I don’t think it’s changed — I think it made me understand how I work better. I feel like I’m most inspired when I’m really busy, and I’m doing lots of writing and being in a city and working and going up to see my friends and hanging out with them. When I have a really crowded schedule, I’m so inspired. And I found it really hard at the beginning of lockdown to have any ideas, because there’s nothing inspiring about a pandemic. So for ages I just didn’t write anything, which would stress me out, and I feel like it was a vicious cycle. I just couldn’t do anything creative for months. I think the thing I was stressed about was, I suddenly had all this time and I had nothing to say. And because I would spend all day on social media, I felt like everybody else was writing albums with this time, and I was going to be left behind. But I think it’s made me realize that it’s okay if I’m not creative 24-7 — it’s just not how creativity works for me anyway. I’ve learned to be kind to myself and to trust the process and not try and force creativity.
11. In a press release, you said that your new EP represents “a feeling of being lost.” When did you know that this feeling was going to define this project?
I think it was after I’d written them all, and I stepped back and looked at them as a project. I like releasing EPs, because they kind of feel like a bit of a time capsule for me. This second EP, I moved out of my home and moved away to London and was living on my own, with housemates who I didn’t really know. I didn’t know anyone, didn’t have any friends, and I found that I was going out of London as much as I could, to go out to see my friends. A lot of my friends were at universities up north, so I would go off and have a really good time with my friends, and then I would get on the train in the morning, kind of hung over, and have quite a lot of ideas for songs. I’d just be really inspired when I was hung over — I can’t really unfiltered my thoughts, so it was like I had to confront everything.
12. Moving on from your first EP, did you set out to accomplish anything specific, in terms of the growth of your sound and style?
I don’t think I tried to overthink it. I go into the studio and I have a creative process that’s always been similar. It’s my way of working through everything. I don’t think there was a massive difference between [projects] — I was just listening to different music, and I think that’s why it sounds like a progression, I guess.
13. What’s been your favorite fan reaction to the new songs?
I love seeing people doing covers and things like that online — it’s just really nice to see people having different takes on the songs. I also really enjoy, during these last few shows and especially here in America, playing songs from the EP that aren’t released yet and seeing people’s reactions when they hear them for the first time. It’s really nice to see what people think of them, and everyone’s been so lovely and really supportive.
14. The 1975’s Matty Healy co-wrote and co-produced “Please Don’t Leave Just Yet” on the EP. What was it like working with him?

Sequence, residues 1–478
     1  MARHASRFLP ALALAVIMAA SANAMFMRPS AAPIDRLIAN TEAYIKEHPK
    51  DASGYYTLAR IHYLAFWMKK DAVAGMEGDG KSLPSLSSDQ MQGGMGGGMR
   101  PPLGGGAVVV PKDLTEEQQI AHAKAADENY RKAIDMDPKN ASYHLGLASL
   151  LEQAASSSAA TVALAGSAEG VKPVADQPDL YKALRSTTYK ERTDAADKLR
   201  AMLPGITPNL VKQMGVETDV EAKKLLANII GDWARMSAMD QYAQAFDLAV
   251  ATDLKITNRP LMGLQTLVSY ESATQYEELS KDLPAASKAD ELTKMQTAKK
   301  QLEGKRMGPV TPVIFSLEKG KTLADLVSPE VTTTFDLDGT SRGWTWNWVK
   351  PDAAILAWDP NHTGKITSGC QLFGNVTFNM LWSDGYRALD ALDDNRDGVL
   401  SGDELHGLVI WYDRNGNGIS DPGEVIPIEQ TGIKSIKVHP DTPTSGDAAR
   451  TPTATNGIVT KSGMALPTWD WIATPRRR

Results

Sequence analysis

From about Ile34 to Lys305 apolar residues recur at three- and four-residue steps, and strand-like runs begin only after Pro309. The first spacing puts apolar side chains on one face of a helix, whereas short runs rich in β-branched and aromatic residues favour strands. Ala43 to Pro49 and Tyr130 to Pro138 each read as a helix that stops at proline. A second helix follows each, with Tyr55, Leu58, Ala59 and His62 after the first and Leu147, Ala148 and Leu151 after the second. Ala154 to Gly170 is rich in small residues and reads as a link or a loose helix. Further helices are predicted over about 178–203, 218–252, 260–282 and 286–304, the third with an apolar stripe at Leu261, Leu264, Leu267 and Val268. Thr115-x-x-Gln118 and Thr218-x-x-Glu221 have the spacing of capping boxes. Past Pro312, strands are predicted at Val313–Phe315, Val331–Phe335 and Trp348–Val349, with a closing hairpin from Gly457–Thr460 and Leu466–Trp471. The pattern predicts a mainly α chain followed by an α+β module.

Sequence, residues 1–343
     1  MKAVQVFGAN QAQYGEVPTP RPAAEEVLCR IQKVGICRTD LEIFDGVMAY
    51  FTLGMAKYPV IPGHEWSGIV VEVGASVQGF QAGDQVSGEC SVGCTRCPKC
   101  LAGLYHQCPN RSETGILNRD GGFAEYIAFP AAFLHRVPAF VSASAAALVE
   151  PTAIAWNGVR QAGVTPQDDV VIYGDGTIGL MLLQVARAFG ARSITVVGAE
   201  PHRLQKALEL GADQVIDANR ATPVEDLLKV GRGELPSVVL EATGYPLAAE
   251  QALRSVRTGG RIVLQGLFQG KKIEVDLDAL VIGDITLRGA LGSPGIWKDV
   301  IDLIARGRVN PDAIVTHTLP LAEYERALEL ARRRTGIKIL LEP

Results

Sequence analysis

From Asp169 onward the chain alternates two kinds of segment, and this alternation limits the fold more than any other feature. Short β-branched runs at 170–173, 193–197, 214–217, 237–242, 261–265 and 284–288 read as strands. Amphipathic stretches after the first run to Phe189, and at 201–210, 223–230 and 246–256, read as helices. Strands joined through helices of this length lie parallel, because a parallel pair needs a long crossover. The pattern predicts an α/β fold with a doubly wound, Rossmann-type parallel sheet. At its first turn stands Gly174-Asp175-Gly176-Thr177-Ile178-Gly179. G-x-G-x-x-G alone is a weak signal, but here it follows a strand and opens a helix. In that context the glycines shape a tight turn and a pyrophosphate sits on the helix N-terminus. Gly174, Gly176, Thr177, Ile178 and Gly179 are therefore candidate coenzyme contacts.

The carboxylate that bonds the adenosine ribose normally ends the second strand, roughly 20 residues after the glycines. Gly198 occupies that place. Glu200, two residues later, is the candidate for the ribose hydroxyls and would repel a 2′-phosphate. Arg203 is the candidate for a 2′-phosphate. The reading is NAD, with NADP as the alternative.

Oh my gosh, it was amazing. He’s so lovely. That’s another thing, actually, to answer your previous question — he’s got fans that are just obsessed with him, and I think somehow they found out the name of the song, because I think we had to register it for publishing. And they found the name of the song and the writers on the song, so they knew about it in advance. It was so bizarre and so funny. But working with him was just so lovely — I’ve written with a lot of writers who are all really great, but I think there’s something really different about working with another [vocalist]. We are the ones that kind of have to bare our souls and write about stuff that we’re going through, and perform those songs live. It was just really cool to be part of his process and see how he works. Hopefully we’ll be releasing more together, but who knows.
15. Are you writing more, and thinking about a proper full-length?
An album seems like such a terrifying concept to me, because it seems so final, and I’m such a perfectionist. It’s just kind of scary for me to think that I could ever pull out an album that’s finished, that I can’t change once it’s out. I’ve been really enjoying my thing, and over the past few months as more things have opened back up, we’ve been able to do sessions again. I’ve had so much fun writing, and playing gigs is just the most inspiring thing on my show. I can’t wait to go home and write more — I have a month or two later, where I’m just going to write and focus on that, and that’s my favorite part of everything.
16. What’s your karaoke go-to?
“Islands in the Stream.” I love that song, it’s the best. I think I wrote a song once and thought, “This is amazing!” And then I realized it was the exact same melody as [“Islands in the Stream”]. And it was like, oh, that’s why it’s amazing.
17. What’s the one thing you’re most devoted fans don’t know about you?
I’m a massive nerd — I love adventure and fantasy books and films. The most comforting thing in the whole wide world to me is Lord of the Rings. I love it so much, it just sets my soul on fire. And obviously The Hobbit is amazing too, and Harry Potter of course. But my favorite thing to do is watch Lord of the Rings.
18. What is one movie or song that always makes me cry?
Can I do an album? Damien Rice always makes me cry, just because I feel like his lyrics are just so savage and brutally honest. His delivery just sounds so raw and unfiltered, in a way that’s just heartbreaking. The album O is an emotional rollercoaster for me to this day. I love it so much.
19. Which TV show do you recommend binge-watching?
Adventure Time. I really don’t love watching stressful TV. I feel like everything else in life is stressful enough. I want to be able to sit down and watch TV and just completely zone out and watch something really stupid. I love cartoons — they’re so comforting to me. And Adventure Time is the best one! And there are so many episodes, you feel like you’re never going to run out.
20. What is one piece of advice you would give to your younger self?
Don’t let things, outside pressures, change you, or change how you work, or how you see yourself. Just trust yourself, because I know me best and I don’t know myself then nobody else will. Be true to yourself! It’s so cheesy, but it’s so true.